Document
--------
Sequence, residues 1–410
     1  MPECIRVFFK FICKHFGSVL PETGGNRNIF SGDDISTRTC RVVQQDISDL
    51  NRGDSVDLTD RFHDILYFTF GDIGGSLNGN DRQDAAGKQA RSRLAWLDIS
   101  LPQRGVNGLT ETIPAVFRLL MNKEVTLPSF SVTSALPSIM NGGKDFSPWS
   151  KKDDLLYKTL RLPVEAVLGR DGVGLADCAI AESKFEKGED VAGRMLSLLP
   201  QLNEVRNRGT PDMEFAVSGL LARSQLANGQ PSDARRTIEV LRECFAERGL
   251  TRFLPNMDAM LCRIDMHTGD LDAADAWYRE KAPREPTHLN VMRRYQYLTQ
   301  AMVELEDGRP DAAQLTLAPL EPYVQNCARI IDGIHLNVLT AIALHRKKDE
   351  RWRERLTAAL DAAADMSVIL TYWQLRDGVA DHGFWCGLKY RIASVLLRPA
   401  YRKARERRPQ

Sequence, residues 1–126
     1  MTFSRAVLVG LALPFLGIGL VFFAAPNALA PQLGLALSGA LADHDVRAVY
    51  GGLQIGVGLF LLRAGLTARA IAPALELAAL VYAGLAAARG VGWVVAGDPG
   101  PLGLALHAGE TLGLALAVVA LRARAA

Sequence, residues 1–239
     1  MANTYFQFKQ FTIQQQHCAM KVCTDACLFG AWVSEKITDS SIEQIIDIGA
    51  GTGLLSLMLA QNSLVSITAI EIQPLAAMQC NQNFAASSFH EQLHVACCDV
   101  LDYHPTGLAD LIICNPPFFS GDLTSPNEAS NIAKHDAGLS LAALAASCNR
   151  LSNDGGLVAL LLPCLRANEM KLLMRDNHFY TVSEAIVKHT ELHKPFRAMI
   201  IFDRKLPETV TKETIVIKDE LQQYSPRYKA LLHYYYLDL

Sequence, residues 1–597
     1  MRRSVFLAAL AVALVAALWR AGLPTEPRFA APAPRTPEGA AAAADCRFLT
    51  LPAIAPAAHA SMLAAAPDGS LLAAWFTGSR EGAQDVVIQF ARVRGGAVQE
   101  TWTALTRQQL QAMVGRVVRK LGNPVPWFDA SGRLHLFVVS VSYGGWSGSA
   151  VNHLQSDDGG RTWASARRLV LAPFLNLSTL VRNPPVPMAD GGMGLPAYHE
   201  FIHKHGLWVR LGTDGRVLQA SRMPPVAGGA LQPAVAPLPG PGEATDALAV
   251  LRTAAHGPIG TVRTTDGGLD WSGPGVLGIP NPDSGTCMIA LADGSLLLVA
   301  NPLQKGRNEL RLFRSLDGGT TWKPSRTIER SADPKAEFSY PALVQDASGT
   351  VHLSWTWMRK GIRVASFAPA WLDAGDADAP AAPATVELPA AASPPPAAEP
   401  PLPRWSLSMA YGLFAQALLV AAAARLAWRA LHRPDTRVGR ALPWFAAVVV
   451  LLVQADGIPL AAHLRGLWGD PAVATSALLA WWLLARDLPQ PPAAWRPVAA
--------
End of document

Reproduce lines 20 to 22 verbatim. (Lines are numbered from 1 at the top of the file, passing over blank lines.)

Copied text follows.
   201  IFDRKLPETV TKETIVIKDE LQQYSPRYKA LLHYYYLDL

Sequence, residues 1–597
     1  MRRSVFLAAL AVALVAALWR AGLPTEPRFA APAPRTPEGA AAAADCRFLT